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Transcript of Determining Importance
You must spend one year on a deserted island. You may only bring 15 items with you. The island has nothing and you need to survive for one year (Gear, 2010).
Make a list on the piece of scrap paper ... Before strategy - Determining Importance Students read the text, think about it and make decisions on what they need to remember and learn. During Reading - Determining Importance Response Journal
Students to record the main idea and supporting details in their journals.
Main Idea–Supporting Details Sort
Write the main idea and three to four supporting details, each on its own note card. Allow small groups to discuss each note card in order to distinguish the main idea from the supporting details.
Main Idea Web (will demonstrate)
Students work with a partner to share their ideas and come to a consensus about what is most important.
Nonfiction Text-Features Resource Book
Will provide example from Harvey & Goudvis
http://www.ohiorc.org/Literacy_K5/strategy/strategy_each.aspx?id=000006 After Reading - Determining Importance References and websites
Allington, A. & Cunningham, P. M. (2008, September). Retrieved from http://beyondpenguins.ehe.osu.edu/issue/rocks-and-minerals/determining-importance-helping-students-recognize-important-points-in-content-text
Gear, A. (2010). Nonfiction reading power, teaching students how to think while they read all kinds of information. Pembroke Pub Ltd.
Harvey, S., & Goudvis, A. (2007). Strategies that work. (2nd ed.). Markham, Ontario: Pembroke Publishers Limited.
Kump, L. (n.d.). Reading lady. Retrieved from http://www.readinglady.com/
Wissman, J. (2012). The ohio resource center. Retrieved from http://www.ohiorc.org/Literacy_K5/strategy/strategy_each.aspx?id=000006 Determining importance is usually introduced in nonfiction. This is because nonfiction is reading to learn. Readers must decide and remember what is important from the text in order to learn from the text. (Harvey & Goudvis, 2007) My list:
1. matches 9. toothbrush
2. fishing pole 10. tent
3. water bottle 11. backpack
4. sleeping bag 12. favorite book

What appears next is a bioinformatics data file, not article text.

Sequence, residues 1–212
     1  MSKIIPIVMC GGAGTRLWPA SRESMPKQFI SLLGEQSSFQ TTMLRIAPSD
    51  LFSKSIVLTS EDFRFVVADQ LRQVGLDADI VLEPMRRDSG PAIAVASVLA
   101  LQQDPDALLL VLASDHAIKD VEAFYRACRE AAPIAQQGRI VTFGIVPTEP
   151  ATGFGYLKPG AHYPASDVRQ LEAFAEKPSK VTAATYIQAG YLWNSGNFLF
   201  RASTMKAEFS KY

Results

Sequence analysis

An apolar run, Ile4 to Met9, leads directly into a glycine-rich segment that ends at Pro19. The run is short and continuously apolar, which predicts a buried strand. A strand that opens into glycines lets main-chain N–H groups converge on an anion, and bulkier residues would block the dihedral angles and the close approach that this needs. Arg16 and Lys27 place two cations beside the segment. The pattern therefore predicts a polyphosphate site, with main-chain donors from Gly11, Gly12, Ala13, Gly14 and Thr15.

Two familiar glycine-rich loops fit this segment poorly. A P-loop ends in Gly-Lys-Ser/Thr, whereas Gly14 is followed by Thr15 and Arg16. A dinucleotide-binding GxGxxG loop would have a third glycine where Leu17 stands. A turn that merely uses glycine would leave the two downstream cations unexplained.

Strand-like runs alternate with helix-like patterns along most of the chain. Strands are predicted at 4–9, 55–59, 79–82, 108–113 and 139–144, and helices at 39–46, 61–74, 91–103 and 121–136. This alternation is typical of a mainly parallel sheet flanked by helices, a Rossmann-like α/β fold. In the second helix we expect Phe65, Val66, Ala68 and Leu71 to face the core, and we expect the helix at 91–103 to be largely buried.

5. sneakers 13. paper
6. fishing hooks 14. pencil
7. my glasses 15. seeds
8. fork Remember, not everyone's list may be the same. Finding the main idea is not about getting the right answer, it is thinking about the text to figure out what you want to take away from it. Deciding what information is important and what is not (Gear, 2010). Strategies to use:
Overviewing - a form of skimming & scanning
Nonfiction Features That Signal Importance
Fonts and effects
Cue words and phrases
Illustrations and photographs
Text structures Harvey & Goudvis, 2007 FQR Chart - Facts-Question-Response Chart (Harvey & Goudvis, 2007)
Supports students to ask questions, determine importance in text and respond with their own opinions and thoughts.
When students have the opportunity to share and explain their own thinking about text, they learn and remember important information. We will read from
The Nation's Report Card
Start filling in your FQR with Facts. Main Idea Web This graphic organizer will help students identify the main idea of a story and the details that support it. Let us read the paragraph on the hummingbird. Fill in what you think is the main idea
Add supporting details as to why Handout - lots of good information from various sources (Kump) What is my purpose for reading this text?
What is the authors purpose for writing this text?
Identify the key ideas
Use text features to help identify important ideas, concepts, and details Determining Importance
Fiction: Infer the bigger idea or theme
Nonfiction: Gaining information, acquiring knowledge, use features and text clues Determining Importance http://www.ereadingworksheets.com/reading-worksheets/main-idea-2-answers.html